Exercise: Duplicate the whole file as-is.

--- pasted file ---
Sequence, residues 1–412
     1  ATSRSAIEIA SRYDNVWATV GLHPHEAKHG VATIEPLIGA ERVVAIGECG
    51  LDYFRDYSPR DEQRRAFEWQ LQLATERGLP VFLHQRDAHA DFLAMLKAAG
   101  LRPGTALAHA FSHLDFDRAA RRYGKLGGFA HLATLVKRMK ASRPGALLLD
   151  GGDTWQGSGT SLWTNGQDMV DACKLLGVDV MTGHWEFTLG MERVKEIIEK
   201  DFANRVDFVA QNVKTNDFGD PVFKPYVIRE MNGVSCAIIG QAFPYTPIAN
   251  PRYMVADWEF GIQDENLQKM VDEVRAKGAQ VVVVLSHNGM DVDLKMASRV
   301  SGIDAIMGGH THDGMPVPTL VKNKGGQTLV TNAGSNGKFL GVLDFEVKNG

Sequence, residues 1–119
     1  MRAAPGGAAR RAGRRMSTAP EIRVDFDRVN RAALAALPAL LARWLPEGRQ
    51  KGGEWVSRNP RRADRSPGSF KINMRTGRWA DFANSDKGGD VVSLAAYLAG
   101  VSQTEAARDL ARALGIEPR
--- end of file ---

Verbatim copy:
Sequence, residues 1–412
     1  ATSRSAIEIA SRYDNVWATV GLHPHEAKHG VATIEPLIGA ERVVAIGECG
    51  LDYFRDYSPR DEQRRAFEWQ LQLATERGLP VFLHQRDAHA DFLAMLKAAG
   101  LRPGTALAHA FSHLDFDRAA RRYGKLGGFA HLATLVKRMK ASRPGALLLD
   151  GGDTWQGSGT SLWTNGQDMV DACKLLGVDV MTGHWEFTLG MERVKEIIEK
   201  DFANRVDFVA QNVKTNDFGD PVFKPYVIRE MNGVSCAIIG QAFPYTPIAN
   251  PRYMVADWEF GIQDENLQKM VDEVRAKGAQ VVVVLSHNGM DVDLKMASRV
   301  SGIDAIMGGH THDGMPVPTL VKNKGGQTLV TNAGSNGKFL GVLDFEVKNG

Sequence, residues 1–119
     1  MRAAPGGAAR RAGRRMSTAP EIRVDFDRVN RAALAALPAL LARWLPEGRQ
    51  KGGEWVSRNP RRADRSPGSF KINMRTGRWA DFANSDKGGD VVSLAAYLAG
   101  VSQTEAARDL ARALGIEPR